Jump to ContentJump to Main Navigation
Unmaking the BombA Fissile Material Approach to Nuclear Disarmament and Nonproliferation$
Users without a subscription are not able to see the full content.

Harold A. Feiveson, Alexander Glaser, Zia Mian, and Frank N. von Hippel

Print publication date: 2014

Print ISBN-13: 9780262027748

Published to MIT Press Scholarship Online: January 2015

DOI: 10.7551/mitpress/9780262027748.001.0001

Show Summary Details
Page of

PRINTED FROM MIT PRESS SCHOLARSHIP ONLINE (www.mitpress.universitypressscholarship.com). (c) Copyright The MIT Press, 2022. All Rights Reserved. An individual user may print out a PDF of a single chapter of a monograph in MITSO for personal use.date: 24 June 2022

Ending Production of Fissile Materials for Weapons

Ending Production of Fissile Materials for Weapons

(p.143) 8 Ending Production of Fissile Materials for Weapons
Unmaking the Bomb

Harold A. Feiveson

The MIT Press

To cap nuclear arsenals and make nuclear weapon reductions irreversible, it will be necessary to end the production of unsafeguarded highly enriched uranium and separated plutonium. To achieve this goal, in 1993, the UN General Assembly instructed the United Nations Conference on Disarmament in Geneva to begin negotiating a Fissile Material Cutoff Treaty (FMCT). This chapter explores the possible scope and verification challenges for an FMCT. These challenges include monitoring of operating and shutdown enrichment and reprocessing plants and ruling out potential clandestine production including at military nuclear facilities and in naval nuclear fuel programs in the nuclear weapon states. The latter two goals will pose some additional challenges beyond those of verifying the Non-proliferation Treaty in non-weapon states. Many non-weapon states also would like to see the nuclear weapon states place their pre-existing stocks of civilian and excess weapons material under international safeguards.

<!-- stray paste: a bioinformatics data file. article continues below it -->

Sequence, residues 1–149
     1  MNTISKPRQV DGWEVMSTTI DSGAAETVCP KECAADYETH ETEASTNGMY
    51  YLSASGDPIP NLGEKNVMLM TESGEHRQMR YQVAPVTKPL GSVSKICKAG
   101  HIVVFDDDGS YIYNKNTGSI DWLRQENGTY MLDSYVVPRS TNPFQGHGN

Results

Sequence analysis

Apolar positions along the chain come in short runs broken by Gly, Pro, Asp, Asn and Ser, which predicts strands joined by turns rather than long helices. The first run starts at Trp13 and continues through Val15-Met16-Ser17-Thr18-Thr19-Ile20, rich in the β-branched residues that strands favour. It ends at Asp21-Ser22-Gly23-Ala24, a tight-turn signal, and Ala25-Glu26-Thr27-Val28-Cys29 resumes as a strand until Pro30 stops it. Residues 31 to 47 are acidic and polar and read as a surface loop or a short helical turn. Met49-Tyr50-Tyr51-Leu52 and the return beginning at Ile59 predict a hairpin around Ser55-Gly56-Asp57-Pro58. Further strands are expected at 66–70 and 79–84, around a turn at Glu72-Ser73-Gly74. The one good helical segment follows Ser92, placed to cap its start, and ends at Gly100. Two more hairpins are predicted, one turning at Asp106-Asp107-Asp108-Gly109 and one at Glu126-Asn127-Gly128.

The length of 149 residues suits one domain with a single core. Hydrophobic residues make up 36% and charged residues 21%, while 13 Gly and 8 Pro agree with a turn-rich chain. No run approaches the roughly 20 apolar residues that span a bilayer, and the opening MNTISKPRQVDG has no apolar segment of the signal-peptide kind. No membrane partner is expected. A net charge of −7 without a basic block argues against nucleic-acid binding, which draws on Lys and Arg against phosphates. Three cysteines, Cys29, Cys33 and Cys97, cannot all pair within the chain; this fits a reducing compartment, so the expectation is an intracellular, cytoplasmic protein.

Keywords:   Fissile materials, Fissile Material Cutoff Treaty (FMCT), Conference on Disarmament, Nuclear weapon states, Non-weapon states

MIT Press Scholarship Online requires a subscription or purchase to access the full text of books within the service. Public users can however freely search the site and view the abstracts and keywords for each book and chapter.

Please, subscribe or login to access full text content.

If you think you should have access to this title, please contact your librarian.

To troubleshoot, please check our FAQs, and if you can't find the answer there, please contact us.